The day after the Memorial Day tornadoes ripped through the Dayton suburb of Trotwood, Ashley Browning was out in the neighborhood handing out bags of sandwiches, chips, cookies and water to the victims.
For the following two weeks she worked out of a dance studio, accepting and handing out donated items.
Today, the Wright State University staff member and student is operating a more permanent distribution center called The Heartbeat.
“I want it to be a space where people can come and get those personal hygiene items, household items, cleaning supplies,” said Browning. “Also they can get a hot meal because people are still staying in hotels and they’re not eating hot meals.”
Giving back has become part of Browning’s life journey.
“I just know that if I didn’t have people in my life to help me that I could be in situations that are not the best,” she said. “So being able to help somebody or being a helping hand is the best experience ever.”
Browning grew up in Dayton, the daughter of now a retired schoolteacher father and a mother who operated a home daycare center.
After graduating from Meadowdale High School in 2004, Browning enrolled at Kentucky State University and graduated in 2008 with her bachelor’s degree in criminal justice. Then she earned her master’s degree in rehabilitation counseling from the University of Kentucky in 2009.
Browning stayed in Lexington, Kentucky, for the next four years, working in a substance abuse treatment center for women and a mental health agency. She said the experience taught her how to treat people and made her realize that she herself could have been in their shoes had she made different life choices.
“That is how I got into the field of helping others, being able to give back,” she said.
Browning returned to Dayton in 2013 and founded SoLoved, a project-based organization that assists different populations through community outreach with monthly initiatives. She also began working with homeless military veterans.
In 2018, she was hired as a project manager for the Substance Abuse Resources and Disability Issues (SARDI) Program in the Wright State Boonshoft School of Medicine. The program seeks to improve the quality of life for people with disabilities, including those with behavioral health issues, by conducting research, developing intervention approaches and training, and disseminating information.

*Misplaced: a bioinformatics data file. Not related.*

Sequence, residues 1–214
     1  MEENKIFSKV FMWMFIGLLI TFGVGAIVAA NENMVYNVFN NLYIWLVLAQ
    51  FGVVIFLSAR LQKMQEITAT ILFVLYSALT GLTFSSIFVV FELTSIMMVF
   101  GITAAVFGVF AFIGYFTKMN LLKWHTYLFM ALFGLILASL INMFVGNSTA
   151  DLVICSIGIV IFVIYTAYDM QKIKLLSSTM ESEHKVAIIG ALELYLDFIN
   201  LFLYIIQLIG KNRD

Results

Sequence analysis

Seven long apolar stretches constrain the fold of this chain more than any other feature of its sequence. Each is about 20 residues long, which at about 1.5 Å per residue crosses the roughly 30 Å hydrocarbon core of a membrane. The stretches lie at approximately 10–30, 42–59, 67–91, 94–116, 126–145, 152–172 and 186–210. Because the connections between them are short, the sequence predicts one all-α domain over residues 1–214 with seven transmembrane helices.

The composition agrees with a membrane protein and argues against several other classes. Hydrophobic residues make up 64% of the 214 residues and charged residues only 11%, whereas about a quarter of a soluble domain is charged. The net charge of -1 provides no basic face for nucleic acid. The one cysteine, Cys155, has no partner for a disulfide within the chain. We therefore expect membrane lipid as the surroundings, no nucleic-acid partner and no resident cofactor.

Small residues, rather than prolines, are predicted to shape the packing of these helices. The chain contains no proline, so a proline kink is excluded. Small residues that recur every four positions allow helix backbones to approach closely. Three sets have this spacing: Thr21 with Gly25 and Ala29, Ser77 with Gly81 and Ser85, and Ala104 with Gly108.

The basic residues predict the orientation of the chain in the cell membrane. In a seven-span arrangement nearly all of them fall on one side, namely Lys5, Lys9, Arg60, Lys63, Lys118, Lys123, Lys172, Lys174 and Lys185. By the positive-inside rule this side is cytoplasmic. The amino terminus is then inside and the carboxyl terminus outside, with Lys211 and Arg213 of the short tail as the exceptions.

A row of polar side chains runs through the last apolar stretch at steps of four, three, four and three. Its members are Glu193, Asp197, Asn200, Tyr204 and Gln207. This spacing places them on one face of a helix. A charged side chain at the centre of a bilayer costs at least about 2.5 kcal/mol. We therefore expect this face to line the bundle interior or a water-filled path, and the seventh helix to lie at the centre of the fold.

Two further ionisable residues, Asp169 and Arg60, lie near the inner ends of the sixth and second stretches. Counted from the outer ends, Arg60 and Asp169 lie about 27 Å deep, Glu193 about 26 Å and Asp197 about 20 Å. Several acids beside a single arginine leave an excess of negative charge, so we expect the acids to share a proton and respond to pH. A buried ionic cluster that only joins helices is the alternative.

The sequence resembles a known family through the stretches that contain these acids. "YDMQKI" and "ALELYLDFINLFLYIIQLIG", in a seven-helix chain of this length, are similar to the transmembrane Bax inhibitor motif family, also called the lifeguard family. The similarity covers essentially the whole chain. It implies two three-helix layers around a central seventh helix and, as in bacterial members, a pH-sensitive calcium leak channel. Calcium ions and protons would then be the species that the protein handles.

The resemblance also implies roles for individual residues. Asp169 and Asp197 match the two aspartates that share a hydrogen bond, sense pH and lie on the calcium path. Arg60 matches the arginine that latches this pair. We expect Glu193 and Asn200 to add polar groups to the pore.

At SARDI, Browning oversees a grant program designed to make college students aware of HIV and other sexually transmitted diseases and reduce their rates.
Earlier this year, she began working on her certificate in nonprofit administration in the Wright State School of Public and International Affairs. She wants to learn more about the operation of nonprofits and eventually would like to own her own nonprofit.
Browning says Wright State is a great space and atmosphere for growth and learning.
“I love my job. I love my co-workers,” she said. “I love everything that Wright State has to offer and I love the program I’m in so far for nonprofit administration.”
Browning said she is also getting an education in how to help people who have lost their homes because of the tornadoes.
“We put out a mass call on Facebook and got a ton of donations,” she said. “Social media is powerful. We were able to use that tool in that moment.”
Browning said the tornado victims are very grateful for the donated food and supplies, telling her that they didn’t know what they would have done without that.
The Heartbeat opened July 28 at 1573 Guenther Rd. in northwest Dayton. It is open one day a week, but tornado victims are welcome to come anytime by giving advance notice. As many as 25 volunteers work at the site on any given day.
For Browning, even the smallest of gestures can help someone whose world has been turned upside down.
“If I’m able to help one person I’m happy with that,” she said.